Born in Wolverhampton to Jamaican parents, as a child Macka B was first impressed by the reggae of the Lord Barley sound-system playing at a blues party next to his parents’ house, but also played violin and sang in the choir at school.
He went on to take a technical apprenticeship at the Ever Ready factory. When the factory closed and he was laid off, he began to devote more time to practising his toasting skills, influenced by earlier Jamaican toasters U-Roy, I-Roy, Big Youth, and especially Prince Far I.
Soon Macka B formed the Exodus sound system with friends and became a Rasta. His 1982 trip to Jamaica galvanised his commitment to toasting and the following year he won a DJing competition. After this Macka B began to feature on the radio as well as perform with local band Pre-Wax, who had a hit with “Maggie’s Letter”.
He became a regular performer on Birmingham’s Jah Wasifa sound system. He had a weekly slot on the television programme Ebony in 1984. He approached Neil “The Mad Professor” Frasier with a view to recording and after submitting a tape of his work, the producer agreed to produce his first album, beginning a long association. Around the same time, a tape of his performance in a sound-system battle between the Jah Wasifa sound system and Saxon Studio International ended up with Fashion Records in London.
The record label gave Macka B the opportunity to record his first solo single, “Bible Reader”, which was released in 1985, the first of three singles for the label.
Macka B’s first album, Sign of the Times, was released in 1986 on Mad Professor’s Ariwa label. The album was well received and reached the top of the UK reggae album charts. Further television exposure followed on the ITV programme Club Mix. His next few albums were similarly acclaimed: We’ve Had Enough (1987), Looks Are Deceiving (1988). In 1988 Macka B visited Jamaica, where he worked with producer Black Scorpio on the tracks “Love It in Jamaica” and “Slow Down Driver”.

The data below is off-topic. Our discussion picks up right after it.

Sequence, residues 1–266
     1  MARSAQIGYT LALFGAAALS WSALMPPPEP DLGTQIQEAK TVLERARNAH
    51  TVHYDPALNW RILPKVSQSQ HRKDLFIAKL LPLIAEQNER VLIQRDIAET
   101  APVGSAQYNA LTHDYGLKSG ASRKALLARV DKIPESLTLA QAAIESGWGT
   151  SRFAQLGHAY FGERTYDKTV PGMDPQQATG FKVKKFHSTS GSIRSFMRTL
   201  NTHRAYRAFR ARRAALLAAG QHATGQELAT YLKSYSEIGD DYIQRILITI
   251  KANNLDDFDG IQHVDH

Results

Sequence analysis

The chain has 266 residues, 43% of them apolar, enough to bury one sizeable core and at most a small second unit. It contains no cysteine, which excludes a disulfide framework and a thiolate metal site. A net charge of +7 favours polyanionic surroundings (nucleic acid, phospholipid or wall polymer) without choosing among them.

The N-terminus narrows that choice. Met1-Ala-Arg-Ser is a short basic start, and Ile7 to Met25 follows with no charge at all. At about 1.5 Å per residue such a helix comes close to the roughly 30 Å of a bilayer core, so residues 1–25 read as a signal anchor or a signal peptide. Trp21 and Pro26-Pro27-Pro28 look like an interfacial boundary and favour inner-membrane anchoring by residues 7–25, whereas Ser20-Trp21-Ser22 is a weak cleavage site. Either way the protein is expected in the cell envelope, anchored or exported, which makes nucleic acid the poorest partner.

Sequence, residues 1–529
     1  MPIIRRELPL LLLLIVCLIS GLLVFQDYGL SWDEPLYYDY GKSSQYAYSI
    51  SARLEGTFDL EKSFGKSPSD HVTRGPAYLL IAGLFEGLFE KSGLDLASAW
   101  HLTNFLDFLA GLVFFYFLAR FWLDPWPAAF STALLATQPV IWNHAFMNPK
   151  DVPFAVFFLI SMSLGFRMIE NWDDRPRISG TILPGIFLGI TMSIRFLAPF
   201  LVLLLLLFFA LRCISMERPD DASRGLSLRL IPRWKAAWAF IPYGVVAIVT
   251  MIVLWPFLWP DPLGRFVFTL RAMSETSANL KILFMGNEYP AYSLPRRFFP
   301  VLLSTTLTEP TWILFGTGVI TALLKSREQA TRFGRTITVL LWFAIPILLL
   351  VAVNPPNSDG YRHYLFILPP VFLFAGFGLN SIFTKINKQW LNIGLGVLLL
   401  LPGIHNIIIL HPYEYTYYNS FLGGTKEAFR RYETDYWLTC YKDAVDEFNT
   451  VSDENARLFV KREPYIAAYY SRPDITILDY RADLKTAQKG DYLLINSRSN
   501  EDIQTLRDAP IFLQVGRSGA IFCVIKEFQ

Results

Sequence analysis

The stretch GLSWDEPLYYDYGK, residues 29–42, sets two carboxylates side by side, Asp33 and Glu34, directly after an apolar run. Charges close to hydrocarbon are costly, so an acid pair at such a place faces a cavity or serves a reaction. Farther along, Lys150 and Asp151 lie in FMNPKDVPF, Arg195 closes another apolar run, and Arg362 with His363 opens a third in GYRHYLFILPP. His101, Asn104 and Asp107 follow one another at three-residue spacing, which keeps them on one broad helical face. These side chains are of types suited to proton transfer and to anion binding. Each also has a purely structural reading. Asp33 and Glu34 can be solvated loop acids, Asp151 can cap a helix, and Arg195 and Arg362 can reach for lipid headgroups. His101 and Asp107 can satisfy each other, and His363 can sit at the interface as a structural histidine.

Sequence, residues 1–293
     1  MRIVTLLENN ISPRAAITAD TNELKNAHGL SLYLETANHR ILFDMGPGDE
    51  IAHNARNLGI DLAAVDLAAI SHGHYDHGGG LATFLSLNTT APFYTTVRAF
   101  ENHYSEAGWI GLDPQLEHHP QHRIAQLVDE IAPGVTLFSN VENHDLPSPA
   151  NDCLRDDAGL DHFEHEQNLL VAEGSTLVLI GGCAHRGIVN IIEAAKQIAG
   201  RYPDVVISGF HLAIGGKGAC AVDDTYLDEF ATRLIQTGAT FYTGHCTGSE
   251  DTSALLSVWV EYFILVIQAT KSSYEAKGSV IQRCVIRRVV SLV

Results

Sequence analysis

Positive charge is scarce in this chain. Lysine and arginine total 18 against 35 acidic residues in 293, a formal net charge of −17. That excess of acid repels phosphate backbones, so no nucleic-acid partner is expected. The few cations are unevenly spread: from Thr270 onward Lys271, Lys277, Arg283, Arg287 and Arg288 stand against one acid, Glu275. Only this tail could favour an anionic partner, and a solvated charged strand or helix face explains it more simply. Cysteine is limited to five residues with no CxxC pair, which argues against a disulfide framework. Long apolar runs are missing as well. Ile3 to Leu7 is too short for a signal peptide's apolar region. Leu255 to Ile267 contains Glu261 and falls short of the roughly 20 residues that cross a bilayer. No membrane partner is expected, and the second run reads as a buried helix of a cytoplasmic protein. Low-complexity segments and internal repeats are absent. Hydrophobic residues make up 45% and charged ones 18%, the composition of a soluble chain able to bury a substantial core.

Buppie Culture in 1989 produced the hit “Dread a Who She Love”, a duet with female singer Kofi. Likewise, “Proud of Mandela” from Natural Suntan (1990) produced another reggae singles chart topper. In 1990 he appeared at the ‘Solidarity’ concert in Poland, along with the Twinkle Brothers.
Macka B won British Best Male DJ awards in 1991 and 1992. His 1993 record, Roots Ragga was a live album. Here Comes Trouble (1994) produced the international hit “Squeeze Me”. “Road Rage” from the Suspicious album was popular on Australian youth radio station Triple J in 1998/9. He again worked with Mad Professor on Discrimination (1995). Roots & Culture (1999) mixed Macka B’s hits with previously unreleased material. In 2004 he signed to the Jet Star label (Charm) label.
He also became the first Reggae artist to tour the former Yugoslavia (Slovenia, Croatia, Serbia). In 2012, he appeared as a special guest star on the track Jadna ja (Poor me) by the Serbian folk-world music-rock band Zlatopis.
He has toured and performed around the world since the 1980s alone and with other reggae stars such as Burning Spear, U-Roy, The Wailers, Lee Perry and many others.